linux/Documentation/i2c/dev-interface.rst
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   1============================================
   2Implementing I2C device drivers in userspace
   3============================================
   4
   5Usually, I2C devices are controlled by a kernel driver. But it is also
   6possible to access all devices on an adapter from userspace, through
   7the /dev interface. You need to load module i2c-dev for this.
   8
   9Each registered I2C adapter gets a number, counting from 0. You can
  10examine /sys/class/i2c-dev/ to see what number corresponds to which adapter.
  11Alternatively, you can run "i2cdetect -l" to obtain a formatted list of all
  12I2C adapters present on your system at a given time. i2cdetect is part of
  13the i2c-tools package.
  14
  15I2C device files are character device files with major device number 89
  16and a minor device number corresponding to the number assigned as
  17explained above. They should be called "i2c-%d" (i2c-0, i2c-1, ...,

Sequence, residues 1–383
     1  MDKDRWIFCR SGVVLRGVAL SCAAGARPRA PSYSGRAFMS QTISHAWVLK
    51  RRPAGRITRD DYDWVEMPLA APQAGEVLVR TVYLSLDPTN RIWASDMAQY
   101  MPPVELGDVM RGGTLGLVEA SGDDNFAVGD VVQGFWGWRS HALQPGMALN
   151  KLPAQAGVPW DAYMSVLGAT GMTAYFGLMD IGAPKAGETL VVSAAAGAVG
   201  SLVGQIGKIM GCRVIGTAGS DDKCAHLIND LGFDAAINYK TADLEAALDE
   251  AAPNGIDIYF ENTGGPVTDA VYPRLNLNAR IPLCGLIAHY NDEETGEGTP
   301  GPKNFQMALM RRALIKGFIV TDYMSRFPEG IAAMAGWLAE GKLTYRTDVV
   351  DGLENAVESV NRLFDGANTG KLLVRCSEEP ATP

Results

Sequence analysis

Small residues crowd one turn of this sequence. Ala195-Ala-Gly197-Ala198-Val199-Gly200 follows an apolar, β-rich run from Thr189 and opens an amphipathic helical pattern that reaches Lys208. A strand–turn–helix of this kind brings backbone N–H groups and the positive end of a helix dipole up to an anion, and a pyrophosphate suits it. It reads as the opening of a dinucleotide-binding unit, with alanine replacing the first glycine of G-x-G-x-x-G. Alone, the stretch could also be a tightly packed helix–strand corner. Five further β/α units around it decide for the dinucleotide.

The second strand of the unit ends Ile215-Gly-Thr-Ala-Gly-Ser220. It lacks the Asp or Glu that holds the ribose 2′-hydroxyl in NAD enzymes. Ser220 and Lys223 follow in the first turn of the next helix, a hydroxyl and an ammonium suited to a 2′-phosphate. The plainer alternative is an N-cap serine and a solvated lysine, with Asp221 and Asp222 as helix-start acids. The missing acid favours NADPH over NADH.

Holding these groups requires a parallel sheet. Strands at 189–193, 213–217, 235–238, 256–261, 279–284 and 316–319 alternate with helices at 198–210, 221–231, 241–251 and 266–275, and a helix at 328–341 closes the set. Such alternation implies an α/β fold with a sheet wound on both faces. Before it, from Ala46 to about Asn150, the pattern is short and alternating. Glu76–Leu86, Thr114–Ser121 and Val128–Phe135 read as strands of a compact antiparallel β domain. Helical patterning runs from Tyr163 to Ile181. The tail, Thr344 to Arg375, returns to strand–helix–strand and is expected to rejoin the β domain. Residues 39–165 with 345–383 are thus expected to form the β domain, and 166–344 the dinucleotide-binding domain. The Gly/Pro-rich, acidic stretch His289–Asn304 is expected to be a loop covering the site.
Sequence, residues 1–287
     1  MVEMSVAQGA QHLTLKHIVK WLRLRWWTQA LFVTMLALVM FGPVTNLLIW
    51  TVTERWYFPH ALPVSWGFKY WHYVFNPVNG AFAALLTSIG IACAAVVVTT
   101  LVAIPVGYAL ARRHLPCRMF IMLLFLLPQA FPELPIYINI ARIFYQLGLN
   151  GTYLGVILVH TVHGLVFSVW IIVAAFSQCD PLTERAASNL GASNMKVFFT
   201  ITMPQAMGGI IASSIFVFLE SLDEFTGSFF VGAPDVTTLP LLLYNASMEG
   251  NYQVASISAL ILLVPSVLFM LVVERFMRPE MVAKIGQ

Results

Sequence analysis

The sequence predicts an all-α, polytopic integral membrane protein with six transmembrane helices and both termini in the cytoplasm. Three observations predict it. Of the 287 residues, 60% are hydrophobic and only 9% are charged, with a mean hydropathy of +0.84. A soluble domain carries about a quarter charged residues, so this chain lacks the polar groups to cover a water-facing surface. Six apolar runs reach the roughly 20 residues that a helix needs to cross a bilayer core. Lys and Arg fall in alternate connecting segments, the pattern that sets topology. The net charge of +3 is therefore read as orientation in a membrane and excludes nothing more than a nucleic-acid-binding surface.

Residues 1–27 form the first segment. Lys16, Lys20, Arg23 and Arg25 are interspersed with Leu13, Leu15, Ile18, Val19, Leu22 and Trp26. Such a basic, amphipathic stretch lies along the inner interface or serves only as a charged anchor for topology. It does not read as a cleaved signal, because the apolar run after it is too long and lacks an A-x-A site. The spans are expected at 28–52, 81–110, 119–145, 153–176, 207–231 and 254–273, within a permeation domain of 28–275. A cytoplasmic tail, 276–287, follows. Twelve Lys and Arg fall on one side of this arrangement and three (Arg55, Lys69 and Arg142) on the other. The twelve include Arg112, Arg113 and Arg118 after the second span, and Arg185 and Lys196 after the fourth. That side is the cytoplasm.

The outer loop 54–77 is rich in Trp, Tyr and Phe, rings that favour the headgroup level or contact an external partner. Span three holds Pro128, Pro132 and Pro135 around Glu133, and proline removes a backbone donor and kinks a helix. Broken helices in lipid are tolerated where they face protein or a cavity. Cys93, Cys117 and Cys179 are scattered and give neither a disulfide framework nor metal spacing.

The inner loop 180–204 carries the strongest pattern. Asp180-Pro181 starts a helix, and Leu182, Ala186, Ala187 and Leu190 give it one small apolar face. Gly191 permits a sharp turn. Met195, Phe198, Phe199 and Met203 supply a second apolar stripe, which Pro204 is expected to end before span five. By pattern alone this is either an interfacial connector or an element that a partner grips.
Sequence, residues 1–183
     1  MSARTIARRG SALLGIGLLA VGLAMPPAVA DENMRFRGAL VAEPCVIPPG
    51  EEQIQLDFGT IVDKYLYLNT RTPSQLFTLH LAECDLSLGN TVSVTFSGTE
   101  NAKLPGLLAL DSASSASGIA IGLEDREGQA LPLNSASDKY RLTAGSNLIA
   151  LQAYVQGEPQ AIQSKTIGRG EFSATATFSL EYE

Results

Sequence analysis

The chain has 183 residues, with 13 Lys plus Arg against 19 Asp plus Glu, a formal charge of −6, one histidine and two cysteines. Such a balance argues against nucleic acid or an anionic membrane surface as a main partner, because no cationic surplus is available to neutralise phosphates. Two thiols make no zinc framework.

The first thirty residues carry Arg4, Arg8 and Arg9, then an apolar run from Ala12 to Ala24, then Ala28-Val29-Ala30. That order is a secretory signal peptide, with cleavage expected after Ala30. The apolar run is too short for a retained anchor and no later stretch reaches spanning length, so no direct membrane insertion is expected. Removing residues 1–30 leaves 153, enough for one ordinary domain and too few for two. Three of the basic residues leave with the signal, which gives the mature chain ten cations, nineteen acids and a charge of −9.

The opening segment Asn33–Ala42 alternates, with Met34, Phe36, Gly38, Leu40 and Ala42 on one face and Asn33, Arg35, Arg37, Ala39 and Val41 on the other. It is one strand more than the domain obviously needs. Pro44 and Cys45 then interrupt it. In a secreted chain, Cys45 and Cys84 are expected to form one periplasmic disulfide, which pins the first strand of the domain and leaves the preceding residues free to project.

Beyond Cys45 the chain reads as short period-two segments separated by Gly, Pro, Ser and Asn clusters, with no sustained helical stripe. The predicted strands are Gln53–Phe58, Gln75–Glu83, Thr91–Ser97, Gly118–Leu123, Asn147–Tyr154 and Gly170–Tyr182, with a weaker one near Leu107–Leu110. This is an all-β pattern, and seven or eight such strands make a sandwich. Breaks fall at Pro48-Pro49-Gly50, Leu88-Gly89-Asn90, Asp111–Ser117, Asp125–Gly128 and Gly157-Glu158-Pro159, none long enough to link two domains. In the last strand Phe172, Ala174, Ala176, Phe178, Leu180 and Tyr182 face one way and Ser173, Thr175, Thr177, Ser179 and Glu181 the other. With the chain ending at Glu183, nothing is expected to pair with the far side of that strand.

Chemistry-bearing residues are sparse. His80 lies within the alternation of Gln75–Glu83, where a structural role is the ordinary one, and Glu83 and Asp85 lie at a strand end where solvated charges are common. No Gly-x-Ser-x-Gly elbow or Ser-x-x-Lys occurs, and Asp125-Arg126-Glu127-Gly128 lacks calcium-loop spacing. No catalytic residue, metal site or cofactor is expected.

18i2c-10, ...). All 256 minor device numbers are reserved for I2C.
  19
  20
  21C example
  22=========
  23
  24So let's say you want to access an I2C adapter from a C program.
  25First, you need to include these two headers::
  26
  27  #include <linux/i2c-dev.h>
  28  #include <i2c/smbus.h>
  29
  30Now, you have to decide which adapter you want to access. You should
  31inspect /sys/class/i2c-dev/ or run "i2cdetect -l" to decide this.
  32Adapter numbers are assigned somewhat dynamically, so you can not
  33assume much about them. They can even change from one boot to the next.
  34
  35Next thing, open the device file, as follows::
  36
  37  int file;
  38  int adapter_nr = 2; /* probably dynamically determined */
  39  char filename[20];
  40
  41  snprintf(filename, 19, "/dev/i2c-%d", adapter_nr);
  42  file = open(filename, O_RDWR);
  43  if (file < 0) {
  44    /* ERROR HANDLING; you can check errno to see what went wrong */
  45    exit(1);
  46  }
  47
  48When you have opened the device, you must specify with what device
  49address you want to communicate::
  50
  51  int addr = 0x40; /* The I2C address */
  52
  53  if (ioctl(file, I2C_SLAVE, addr) < 0) {
  54    /* ERROR HANDLING; you can check errno to see what went wrong */
  55    exit(1);
  56  }
  57
  58Well, you are all set up now. You can now use SMBus commands or plain
  59I2C to communicate with your device. SMBus commands are preferred if